The Justice Department is trying to prevent state attorneys general from beginning the discovery process against President Donald Trump in one of the pending emoluments lawsuits against him.
In a late Nov. 30 filing in the case, DOJ attorneys told a federal court in Maryland that discovery in the case should not proceed until appeals in the case can be heard.
U.S. District Judge Peter Messitte had previously declined Trump’s request to dismiss the case and had declined to allow Trump to appeal that decision immediately. The Justice Department indicated in the filing that the solicitor general is planning to appeal both decisions to the 4th Circuit U.S. Court of Appeals, and to seek a stay of proceedings in the lower court.
“Accordingly, the President does not believe that discovery should commence now but should await the Court of Appeals’ resolutions of the mandamus petition and stay application,” the feds wrote in the filing. “If this Court nevertheless finds that discovery should proceed now, then the President does not object to the discovery schedule proposed by Plaintiff.”
The state attorneys general for Maryland and the District of Columbia sued Trump in June for allegedly violating the Constitution’s emoluments clause, arguing that by allowing his Pennsylvania Avenue hotel to receive visits from foreign officials and by having federal officials maintain financial relationships with foreign states, Trump violates the compact between the states and the federal government.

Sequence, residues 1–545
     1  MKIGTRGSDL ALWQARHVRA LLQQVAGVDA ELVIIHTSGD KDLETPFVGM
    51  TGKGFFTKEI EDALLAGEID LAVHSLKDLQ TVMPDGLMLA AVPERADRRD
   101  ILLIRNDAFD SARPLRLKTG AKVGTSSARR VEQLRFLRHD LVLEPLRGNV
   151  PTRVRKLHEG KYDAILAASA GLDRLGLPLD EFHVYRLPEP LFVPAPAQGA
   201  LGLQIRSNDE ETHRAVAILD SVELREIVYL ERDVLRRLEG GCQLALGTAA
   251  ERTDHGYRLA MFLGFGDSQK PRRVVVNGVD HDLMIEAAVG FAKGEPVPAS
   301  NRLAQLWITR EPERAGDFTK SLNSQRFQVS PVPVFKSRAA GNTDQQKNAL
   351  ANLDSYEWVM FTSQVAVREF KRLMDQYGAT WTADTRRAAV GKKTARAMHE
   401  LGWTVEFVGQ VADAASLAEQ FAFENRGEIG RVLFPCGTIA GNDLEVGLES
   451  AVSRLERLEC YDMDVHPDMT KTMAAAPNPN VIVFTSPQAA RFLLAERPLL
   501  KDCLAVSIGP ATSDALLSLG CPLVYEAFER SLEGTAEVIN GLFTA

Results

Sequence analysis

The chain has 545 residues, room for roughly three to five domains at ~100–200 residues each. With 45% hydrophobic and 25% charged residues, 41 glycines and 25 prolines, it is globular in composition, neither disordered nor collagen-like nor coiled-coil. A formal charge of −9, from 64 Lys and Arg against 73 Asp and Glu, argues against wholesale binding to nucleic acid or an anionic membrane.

The state attorneys general have indicated that discovery in the case would likely consist of six months of interviews with potential witnesses, as well as obtaining records and information on how DC’s Trump International Hotel has helped Trump financially as president.
The state attorneys general cited a separate case over the government’s decision to add a citizenship question to the 2020 census in an attempt to head off Trump’s appeal and have the judge allow discovery to begin before the appeal court can weigh in.
In that case, discovery continued in spite of a pending appeal before the Supreme Court.
“If the Supreme Court’s grant of certiorari is not a sufficient basis on which to stay active litigation, then surely Defendant’s suggestion that he might file a mandamus petition is no reason to stay discovery, particularly when discovery will be primarily focused on third parties,” the state attorneys general wrote.